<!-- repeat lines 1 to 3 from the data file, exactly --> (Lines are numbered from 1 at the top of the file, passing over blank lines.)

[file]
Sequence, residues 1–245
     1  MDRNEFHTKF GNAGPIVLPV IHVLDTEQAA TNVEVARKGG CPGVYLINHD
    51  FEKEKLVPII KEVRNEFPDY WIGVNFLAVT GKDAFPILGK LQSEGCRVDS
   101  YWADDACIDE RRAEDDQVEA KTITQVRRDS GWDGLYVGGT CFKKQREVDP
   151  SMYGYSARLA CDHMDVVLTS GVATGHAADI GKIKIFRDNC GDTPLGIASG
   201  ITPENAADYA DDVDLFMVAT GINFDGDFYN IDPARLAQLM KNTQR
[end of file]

Sequence, residues 1–245
     1  MDRNEFHTKF GNAGPIVLPV IHVLDTEQAA TNVEVARKGG CPGVYLINHD
    51  FEKEKLVPII KEVRNEFPDY WIGVNFLAVT GKDAFPILGK LQSEGCRVDS